Kennedy Space Center a launchpad for dreams

Step into the shoes of famous astronauts and have a blast at Kennedy Space Center.

Story by Rod Charles, Editor

TITUSVILLE, FLORIDA — As we queued to enter the Atlantis display, one of the most poignant sentences on the wall was a quote from an engineer who helped build the shuttle.

‘Like Bolting A Butterfly To A Bullet’

He’s not kidding. For a wannabe space junkie like me the television is as close as I’m ever going to get to the life of a real astronaut, and that’s fine. It’s a different story when you’re at Kennedy Space Center. You are literally walking in the footprints of very brave people – Sally Ride, John Glenn, Neil Armstrong. Of course I can’t leave out our heroes, great Canadians like Roberta Bondar, Marc Garneau, Julie Payette and Chris Hadfield.

That sense of awe manifests itself as soon as you make the drive east past the Astronaut Hall of Fame & Museum and over the NASA Causeway toward the Vehicle Assembly Building. Built with more than 98,590 tons of steel and opened in the 1960s, the Vehicle Assembly Building and attached launch control center were first used during the Apollo program in 1966. Standing at more than 465 feet, the high bay doors on this building are the largest in the world and take 45 minutes to completely open and close.


Visitors to the Kennedy Space Center will learn about groundbreaking feats of the past and amazing possibilities for space travel in the future. (Rod Charles)

You can’t look at these rockets, space ships and capsules without reminding yourself that people — very courageous people — had to risk everything to fly them. During our tour we saw a Saturn Rocket is on display as well, the vehicle that carried human beings to the moon. The one on display was never used because funding was cut before it could go into space. So it is a perfectly preserved rocket.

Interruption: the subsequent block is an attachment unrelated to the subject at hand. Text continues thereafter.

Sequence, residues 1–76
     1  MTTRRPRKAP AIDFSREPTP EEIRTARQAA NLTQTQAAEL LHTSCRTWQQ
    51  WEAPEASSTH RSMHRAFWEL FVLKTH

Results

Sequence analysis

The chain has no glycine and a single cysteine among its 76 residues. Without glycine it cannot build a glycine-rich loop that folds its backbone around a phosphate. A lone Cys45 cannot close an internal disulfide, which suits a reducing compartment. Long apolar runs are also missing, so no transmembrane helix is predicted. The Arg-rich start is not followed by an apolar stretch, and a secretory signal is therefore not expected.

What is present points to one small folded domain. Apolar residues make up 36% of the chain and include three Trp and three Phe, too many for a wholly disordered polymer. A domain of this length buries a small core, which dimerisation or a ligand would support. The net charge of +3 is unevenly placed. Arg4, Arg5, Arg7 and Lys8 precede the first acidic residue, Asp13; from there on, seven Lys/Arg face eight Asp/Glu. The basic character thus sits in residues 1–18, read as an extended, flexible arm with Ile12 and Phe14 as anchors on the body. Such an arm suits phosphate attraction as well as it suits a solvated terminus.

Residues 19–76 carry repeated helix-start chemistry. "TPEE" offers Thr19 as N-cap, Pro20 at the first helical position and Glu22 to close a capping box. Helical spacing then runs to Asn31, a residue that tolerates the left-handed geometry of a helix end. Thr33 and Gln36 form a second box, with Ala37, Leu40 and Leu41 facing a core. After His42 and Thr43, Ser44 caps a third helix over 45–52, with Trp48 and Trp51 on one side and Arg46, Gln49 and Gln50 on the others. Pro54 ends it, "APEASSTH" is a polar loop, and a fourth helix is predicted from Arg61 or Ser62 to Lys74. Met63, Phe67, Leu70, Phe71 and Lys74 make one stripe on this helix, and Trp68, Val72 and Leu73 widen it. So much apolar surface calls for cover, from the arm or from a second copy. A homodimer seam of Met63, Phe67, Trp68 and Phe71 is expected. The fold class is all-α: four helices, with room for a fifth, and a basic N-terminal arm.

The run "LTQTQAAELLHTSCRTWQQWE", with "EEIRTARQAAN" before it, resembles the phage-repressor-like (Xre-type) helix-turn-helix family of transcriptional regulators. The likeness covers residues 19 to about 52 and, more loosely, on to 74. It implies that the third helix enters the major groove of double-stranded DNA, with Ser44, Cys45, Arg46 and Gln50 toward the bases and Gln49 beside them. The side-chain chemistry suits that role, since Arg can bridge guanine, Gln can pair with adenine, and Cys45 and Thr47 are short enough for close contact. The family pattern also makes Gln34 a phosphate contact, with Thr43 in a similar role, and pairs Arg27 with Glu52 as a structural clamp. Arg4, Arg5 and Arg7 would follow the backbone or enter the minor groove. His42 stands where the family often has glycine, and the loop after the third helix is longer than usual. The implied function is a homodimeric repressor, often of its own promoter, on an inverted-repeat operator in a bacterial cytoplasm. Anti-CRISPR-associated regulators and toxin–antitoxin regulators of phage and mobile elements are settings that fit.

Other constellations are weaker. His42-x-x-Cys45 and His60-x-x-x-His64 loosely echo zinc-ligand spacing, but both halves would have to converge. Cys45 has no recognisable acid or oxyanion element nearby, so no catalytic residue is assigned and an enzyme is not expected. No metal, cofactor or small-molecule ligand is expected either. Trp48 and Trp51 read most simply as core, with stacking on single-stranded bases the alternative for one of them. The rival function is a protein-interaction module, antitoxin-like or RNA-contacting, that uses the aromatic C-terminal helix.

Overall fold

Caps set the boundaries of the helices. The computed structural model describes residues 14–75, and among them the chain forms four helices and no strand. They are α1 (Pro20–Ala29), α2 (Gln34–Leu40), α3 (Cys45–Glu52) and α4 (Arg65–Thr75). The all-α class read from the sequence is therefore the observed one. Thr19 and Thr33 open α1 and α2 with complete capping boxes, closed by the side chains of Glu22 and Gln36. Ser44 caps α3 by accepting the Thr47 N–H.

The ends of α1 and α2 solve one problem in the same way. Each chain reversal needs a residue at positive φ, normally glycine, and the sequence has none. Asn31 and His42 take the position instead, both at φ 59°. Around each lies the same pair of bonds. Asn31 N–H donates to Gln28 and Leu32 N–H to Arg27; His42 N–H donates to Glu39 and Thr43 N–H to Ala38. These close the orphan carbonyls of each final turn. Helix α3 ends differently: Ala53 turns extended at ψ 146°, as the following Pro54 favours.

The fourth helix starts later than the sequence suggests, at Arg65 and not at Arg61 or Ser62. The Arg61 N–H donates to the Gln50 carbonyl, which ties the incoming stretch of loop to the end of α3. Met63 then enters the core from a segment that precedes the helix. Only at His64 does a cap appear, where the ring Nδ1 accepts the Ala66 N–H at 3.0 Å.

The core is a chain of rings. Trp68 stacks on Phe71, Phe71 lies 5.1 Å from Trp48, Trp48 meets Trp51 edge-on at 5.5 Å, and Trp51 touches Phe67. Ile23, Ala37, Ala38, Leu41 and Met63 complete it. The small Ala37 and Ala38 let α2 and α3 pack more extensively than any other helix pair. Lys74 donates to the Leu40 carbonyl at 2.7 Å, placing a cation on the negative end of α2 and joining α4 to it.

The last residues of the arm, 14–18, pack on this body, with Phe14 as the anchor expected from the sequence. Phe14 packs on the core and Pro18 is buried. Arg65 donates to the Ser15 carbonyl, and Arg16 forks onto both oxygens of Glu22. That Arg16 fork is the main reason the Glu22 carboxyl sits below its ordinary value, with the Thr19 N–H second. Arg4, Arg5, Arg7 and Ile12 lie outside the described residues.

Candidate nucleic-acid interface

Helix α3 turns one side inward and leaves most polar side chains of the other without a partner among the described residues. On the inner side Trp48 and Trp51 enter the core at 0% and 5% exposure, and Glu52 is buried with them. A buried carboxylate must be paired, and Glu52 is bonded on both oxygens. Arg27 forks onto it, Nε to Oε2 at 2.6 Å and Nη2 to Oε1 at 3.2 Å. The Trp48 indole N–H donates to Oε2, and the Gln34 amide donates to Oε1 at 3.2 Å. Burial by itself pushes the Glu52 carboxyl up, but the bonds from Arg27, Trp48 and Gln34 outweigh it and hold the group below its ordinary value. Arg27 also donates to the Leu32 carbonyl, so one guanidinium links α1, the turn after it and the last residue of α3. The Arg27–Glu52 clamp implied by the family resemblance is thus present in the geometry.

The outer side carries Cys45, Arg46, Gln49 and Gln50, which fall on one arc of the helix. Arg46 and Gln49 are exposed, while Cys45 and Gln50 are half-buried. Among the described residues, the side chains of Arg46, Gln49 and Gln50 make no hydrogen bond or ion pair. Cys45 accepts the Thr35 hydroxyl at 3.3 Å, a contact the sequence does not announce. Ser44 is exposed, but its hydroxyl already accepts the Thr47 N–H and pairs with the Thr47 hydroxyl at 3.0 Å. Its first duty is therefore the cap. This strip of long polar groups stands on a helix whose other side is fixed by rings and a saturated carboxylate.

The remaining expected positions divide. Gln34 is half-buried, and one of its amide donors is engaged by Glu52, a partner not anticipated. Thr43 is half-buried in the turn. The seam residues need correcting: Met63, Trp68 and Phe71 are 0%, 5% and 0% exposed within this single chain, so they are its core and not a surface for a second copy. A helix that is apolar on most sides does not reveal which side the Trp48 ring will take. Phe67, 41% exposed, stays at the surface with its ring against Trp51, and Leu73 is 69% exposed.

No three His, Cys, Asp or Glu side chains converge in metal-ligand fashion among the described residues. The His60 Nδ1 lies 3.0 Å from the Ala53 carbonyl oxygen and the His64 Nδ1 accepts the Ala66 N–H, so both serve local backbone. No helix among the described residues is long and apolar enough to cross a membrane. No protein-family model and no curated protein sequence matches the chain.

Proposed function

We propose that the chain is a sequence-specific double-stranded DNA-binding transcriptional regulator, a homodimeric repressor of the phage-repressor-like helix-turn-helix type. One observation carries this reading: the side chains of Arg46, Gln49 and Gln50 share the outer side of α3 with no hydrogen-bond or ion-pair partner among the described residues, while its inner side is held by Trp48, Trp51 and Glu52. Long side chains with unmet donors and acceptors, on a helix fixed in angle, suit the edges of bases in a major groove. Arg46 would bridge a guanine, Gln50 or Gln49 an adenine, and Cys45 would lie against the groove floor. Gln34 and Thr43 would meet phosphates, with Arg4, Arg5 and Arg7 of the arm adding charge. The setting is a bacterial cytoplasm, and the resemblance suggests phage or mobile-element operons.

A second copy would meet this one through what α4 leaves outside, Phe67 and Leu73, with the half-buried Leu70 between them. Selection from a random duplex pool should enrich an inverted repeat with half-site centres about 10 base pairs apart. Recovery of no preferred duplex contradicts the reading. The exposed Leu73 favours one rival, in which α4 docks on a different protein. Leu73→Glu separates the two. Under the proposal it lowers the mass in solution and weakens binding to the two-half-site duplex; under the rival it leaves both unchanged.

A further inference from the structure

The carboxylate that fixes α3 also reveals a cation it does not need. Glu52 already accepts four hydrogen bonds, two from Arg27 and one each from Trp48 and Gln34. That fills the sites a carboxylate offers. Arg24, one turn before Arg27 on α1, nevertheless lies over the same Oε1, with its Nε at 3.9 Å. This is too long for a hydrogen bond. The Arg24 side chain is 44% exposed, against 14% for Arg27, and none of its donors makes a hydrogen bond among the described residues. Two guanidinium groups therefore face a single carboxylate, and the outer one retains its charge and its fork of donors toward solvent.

The newest and most popular attraction is the Space Shuttle Atlantis exhibit displayed with the Canadarm extended, ready for action. The shuttle is rotated fittingly at an angle that is also a countdown: 43.21 degrees. Before entering, visitors are shown a video presentation, which tells the story of the development of the space shuttle. Great place for pictures, and lots of interesting and educational activities for the kids.

As I stood beside Atlantis, or walked underneath a gigantic Saturn Rocket or saw the launch pads that have successfully launched space shuttle and Apollo missions – including a few that ended in tragedy – my respect only grew.

From one wannabe space junkie to another, trust me – your respect for these brave men and women will only grow as well.


You can’t just drive where you want. The Visitor Complex has tour buses that take visitors to locations on the grounds. The Kennedy Space Center Up-Close Tour & Visitor Complex Admission Ticket will cost you $79.50 (all dollar figures are U.S.) and includes admission, Shuttle Atlantis and the KSC Up-Close tour. The All-Access Pass for $111.29 also includes Lunch with an Astronaut and admission to the Astronaut Hall of Fame. Do everything in one day, or split your visit over two days within a seven-day period.

Address: FL 32899, United States
Phone: 1-866-737-5235 (toll free)
Hours: 9 am-5 pm daily
Admission: Prices begin at $50 (adults), $40 (children).